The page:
Review by Vince Leigh
American country singer-songwriter Rusty Gear has just released his new country EP Delivery Man. Recorded in Nashville and produced by Brad Hill, the release follows a string of singles. Check in Check Out Blues, It’s Still You, and Out And Runnin Round have helped Rusty expose his wares to a worldwide audience.
This new set utilises Rusty Gear’s malleable vocal style. Combined with his equally judicious songwriting skills, he has created a range of tracks that veer from one end of the country spectrum to the other. The new single is the title track, which features another of Rusty’s characteristic narratives. Said narrative allows us a glimpse into all the intrepidness and vulnerability of urban life as a modern-day survivor.
Rusty Gear delivers more than just archetypal country imagery
But the EP unveils a lot more than the expected archetypal country imagery and textbook musical sensibilities. This is most evident in tracks such as Over The Pass and Open Sky. A more self-reflective approach, as heard in the tracks Gold On The Horizon and We Know Too Much, is what might more effectively endear the listener.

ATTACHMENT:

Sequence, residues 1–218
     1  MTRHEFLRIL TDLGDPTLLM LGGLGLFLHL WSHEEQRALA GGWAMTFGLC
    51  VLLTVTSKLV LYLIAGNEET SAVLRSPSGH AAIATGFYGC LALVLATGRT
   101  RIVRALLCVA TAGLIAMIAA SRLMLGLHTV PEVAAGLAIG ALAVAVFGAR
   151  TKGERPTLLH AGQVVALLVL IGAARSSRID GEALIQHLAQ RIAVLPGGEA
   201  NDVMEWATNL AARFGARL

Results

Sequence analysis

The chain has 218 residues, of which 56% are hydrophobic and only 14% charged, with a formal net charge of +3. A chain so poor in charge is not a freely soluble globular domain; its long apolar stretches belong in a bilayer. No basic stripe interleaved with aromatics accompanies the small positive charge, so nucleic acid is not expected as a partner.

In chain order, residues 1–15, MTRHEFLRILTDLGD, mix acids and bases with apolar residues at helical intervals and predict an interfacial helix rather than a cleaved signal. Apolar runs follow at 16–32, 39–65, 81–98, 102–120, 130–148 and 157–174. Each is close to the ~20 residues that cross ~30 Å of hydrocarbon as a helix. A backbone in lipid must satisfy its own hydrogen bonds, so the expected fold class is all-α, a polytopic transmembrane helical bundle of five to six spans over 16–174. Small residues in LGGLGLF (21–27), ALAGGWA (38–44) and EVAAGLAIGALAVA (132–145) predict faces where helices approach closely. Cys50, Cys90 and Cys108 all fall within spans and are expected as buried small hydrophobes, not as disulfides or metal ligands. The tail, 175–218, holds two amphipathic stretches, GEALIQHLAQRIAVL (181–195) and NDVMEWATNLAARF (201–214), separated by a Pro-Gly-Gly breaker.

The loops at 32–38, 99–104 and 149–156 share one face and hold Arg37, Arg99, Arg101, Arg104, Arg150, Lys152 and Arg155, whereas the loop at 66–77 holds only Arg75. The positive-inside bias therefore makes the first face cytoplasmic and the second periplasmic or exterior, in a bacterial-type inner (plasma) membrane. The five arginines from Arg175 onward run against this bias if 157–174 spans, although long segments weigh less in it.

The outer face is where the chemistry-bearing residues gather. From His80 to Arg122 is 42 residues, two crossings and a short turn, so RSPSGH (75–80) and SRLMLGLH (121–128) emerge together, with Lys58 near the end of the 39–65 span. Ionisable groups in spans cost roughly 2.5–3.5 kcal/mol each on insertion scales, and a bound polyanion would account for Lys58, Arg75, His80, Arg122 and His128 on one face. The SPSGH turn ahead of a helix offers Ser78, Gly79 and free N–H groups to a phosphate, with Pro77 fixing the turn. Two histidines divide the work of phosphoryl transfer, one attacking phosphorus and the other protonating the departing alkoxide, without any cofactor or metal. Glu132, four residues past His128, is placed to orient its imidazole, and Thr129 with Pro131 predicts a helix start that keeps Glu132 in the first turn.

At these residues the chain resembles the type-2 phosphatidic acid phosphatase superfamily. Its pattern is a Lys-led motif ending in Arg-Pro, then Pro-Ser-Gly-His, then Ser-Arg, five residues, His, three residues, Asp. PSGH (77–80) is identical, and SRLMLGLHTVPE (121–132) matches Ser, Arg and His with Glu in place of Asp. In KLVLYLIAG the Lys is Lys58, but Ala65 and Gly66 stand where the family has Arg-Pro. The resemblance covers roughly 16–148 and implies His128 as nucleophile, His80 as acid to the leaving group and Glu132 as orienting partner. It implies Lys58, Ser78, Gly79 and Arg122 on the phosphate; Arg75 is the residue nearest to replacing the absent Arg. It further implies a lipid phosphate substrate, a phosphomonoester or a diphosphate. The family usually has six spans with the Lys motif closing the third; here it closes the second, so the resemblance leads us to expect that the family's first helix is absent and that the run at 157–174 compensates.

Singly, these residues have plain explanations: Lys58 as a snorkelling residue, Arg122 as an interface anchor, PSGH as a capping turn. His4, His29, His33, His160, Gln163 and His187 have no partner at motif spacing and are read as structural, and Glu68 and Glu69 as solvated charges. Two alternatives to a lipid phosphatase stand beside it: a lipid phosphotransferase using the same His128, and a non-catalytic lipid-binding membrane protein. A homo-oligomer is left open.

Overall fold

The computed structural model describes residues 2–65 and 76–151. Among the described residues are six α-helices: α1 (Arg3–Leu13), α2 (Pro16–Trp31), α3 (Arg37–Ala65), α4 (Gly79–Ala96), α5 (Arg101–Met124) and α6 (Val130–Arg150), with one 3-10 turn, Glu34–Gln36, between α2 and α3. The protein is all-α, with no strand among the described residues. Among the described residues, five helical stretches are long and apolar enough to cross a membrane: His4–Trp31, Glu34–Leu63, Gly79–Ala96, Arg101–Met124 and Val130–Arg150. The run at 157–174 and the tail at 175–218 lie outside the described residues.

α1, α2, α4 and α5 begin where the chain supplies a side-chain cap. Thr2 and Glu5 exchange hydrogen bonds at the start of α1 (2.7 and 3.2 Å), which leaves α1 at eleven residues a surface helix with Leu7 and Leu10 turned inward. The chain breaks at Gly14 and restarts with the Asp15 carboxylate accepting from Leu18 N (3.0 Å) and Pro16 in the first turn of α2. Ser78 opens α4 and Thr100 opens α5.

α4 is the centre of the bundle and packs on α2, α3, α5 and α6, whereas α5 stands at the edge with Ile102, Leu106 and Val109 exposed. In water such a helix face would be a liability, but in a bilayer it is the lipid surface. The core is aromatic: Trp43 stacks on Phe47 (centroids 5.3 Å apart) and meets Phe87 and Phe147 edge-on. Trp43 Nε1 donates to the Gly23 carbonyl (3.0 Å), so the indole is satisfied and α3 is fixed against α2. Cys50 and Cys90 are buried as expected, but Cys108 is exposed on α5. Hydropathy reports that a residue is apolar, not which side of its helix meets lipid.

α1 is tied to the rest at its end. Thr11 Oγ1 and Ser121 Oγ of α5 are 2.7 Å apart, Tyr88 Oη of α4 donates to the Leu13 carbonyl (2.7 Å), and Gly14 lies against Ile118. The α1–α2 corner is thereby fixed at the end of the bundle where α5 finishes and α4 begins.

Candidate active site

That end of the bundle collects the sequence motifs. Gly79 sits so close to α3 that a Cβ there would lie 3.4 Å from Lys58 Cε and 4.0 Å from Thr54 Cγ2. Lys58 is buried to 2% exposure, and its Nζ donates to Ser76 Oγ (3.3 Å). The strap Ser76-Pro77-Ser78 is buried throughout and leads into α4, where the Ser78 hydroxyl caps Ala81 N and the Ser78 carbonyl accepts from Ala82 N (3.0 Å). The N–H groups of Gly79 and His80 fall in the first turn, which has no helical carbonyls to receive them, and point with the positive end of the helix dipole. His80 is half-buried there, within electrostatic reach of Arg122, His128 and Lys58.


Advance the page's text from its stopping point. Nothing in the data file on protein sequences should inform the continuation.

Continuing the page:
An example. The candid nature of We Know Too Much, along with its stripped-back production, can entice by its appeal to common sense and logic. It is relatively sober, displaying emotional rawness. Guided by Rusty Gear’s unfeigned vocal performance and lush yet streamlined instrumentation, the song’s critical and prominent line, ‘we know too much to feel that young again’, seems like a summation of the EP’s governing proposition. That being a mellowed, legitimate romanticism ever-present amid the depictions of promised lands, pilgrims, and six-packs.
These two sides are, of course, not necessarily at odds. The contrast makes for a record that is even-keeled and distinct enough as far as groove, composition, production, and performances. The songs contain traces of quintessential country, contemporary country-pop, and drizzles of blues-rock.
All of which imbues Rusty Gear with an edge that is not so dominant that it subtracts from the core focus. The focus being, one can safely presume, the songwriting.